Indonesia announces slight opening up in West Papua as regional diplomatic battle unfurls

Foreign journalists will be allowed free access to territory, five political prisoners will be released, Indonesian President says · Decision announced few days before regional intergovernmental organization discusses membership for West Papuan pro-independence organization

Foreign journalists will enjoy unrestricted access to West Papua while five Papuan political prisoners will be released from prison. This was announced last weekend by President of Indonesia Joko Widodo Jokowi. Both decisions are a slight opening up by Indonesia as regards the conflict in West Papua, where a violent struggle has been pitting Papuan pro-independence armed groups against the Indonesian army since the 1960s.

Maybe even more important than that, Jokowi also asked the Indonesian police and army to stop using a repressive approach in West Papua. According to the president, engaging in dialogue with the Papuan people and building mutual trust should now be priorities for the Indonesian forces there.

Jokowi's announcement comes only one week after dozens of Papuan protesters were arrested during a series of protests against the Indonesian occupation. The suppression of the Papuan pro-independence movement by the Indonesian army and police has been common in West Papua for decades.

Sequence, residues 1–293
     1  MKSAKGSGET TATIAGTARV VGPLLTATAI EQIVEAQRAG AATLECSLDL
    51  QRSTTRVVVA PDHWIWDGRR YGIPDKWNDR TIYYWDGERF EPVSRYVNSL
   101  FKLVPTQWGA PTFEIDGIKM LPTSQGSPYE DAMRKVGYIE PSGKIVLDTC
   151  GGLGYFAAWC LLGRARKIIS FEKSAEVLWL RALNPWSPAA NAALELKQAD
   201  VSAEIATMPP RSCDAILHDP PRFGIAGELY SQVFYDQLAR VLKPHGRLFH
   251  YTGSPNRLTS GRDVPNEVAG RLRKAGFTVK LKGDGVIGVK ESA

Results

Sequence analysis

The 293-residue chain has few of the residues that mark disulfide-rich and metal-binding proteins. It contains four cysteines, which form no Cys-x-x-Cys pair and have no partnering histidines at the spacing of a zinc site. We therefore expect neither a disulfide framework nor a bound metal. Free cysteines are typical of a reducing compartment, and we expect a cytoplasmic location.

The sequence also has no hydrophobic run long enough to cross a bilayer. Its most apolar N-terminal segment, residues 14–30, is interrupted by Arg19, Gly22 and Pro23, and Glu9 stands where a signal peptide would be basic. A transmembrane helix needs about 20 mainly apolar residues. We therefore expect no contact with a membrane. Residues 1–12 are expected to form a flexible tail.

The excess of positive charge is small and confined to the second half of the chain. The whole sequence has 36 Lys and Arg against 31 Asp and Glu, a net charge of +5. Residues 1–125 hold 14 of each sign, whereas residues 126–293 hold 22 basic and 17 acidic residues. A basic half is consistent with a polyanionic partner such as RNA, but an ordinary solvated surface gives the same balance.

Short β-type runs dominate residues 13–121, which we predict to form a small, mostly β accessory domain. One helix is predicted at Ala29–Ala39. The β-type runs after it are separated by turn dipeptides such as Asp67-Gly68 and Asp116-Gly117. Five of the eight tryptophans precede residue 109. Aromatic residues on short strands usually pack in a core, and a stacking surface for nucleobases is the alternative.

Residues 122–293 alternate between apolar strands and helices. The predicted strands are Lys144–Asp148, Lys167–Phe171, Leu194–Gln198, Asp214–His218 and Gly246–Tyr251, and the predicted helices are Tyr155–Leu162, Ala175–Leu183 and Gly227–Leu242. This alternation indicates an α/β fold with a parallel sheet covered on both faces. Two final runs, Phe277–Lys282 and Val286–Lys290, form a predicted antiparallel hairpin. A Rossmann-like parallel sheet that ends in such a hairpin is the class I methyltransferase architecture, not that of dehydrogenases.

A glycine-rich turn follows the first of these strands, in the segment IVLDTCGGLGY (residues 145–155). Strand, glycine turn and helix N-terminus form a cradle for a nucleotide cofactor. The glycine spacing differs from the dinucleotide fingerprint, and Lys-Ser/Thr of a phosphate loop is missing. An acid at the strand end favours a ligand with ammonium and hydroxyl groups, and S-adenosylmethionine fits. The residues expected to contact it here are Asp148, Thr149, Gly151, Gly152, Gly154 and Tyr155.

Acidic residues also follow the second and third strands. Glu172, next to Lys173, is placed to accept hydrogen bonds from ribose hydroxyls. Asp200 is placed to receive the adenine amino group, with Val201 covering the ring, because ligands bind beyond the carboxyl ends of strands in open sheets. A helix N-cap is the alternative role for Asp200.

West Papua had been a Dutch colony during the 1950s, while Indonesia had already been granted independence by the Netherlands. As such, West Papua should have had its own process of decolonization. But in 1962, the Netherlands and Indonesia reached an agreement whereby West Papua would be annexed by Indonesia. Papuan separatists believe the deal was made in violation of international law, and have since been demanding a referendum on independence and an end to the Indonesian colonization, which is leading Papuans to become a minority in their own country.

Diplomatic battle for recognition

Measures announced by Jokowi arrive shortly before the Melanesian Spearhead Group (MSG), an intergovernmental organization consisting of Papua New Guinea, Vanuatu, Solomon Islands and Fiji, plus the Kanak and Socialist National Liberation Front of New Caledonia (French overseas collectivity), is scheduled to discuss on May 21st admission of a West Papuan organization as a new member.

In February 2015, the United Liberation Movement of West Papua (ULMWP) applied for MSG membership. The ULMWP is an umbrella organization for West Papuan independence groups. MSG membership would signal an unprecedented diplomatic victory for the Papuan pro-independence movement, as it could then count on the support of several UN members in its struggle for self-determination.

ULMWP Spokesman Benny Wenda believes that changes announced by Jokowi, and an official visit by the Indonesian president to Papua New Guinea, are part of an attempt by Jakarta to exert pressure on the MSG to reject West Papuan membership.

(Image: West Papuan independence flag.)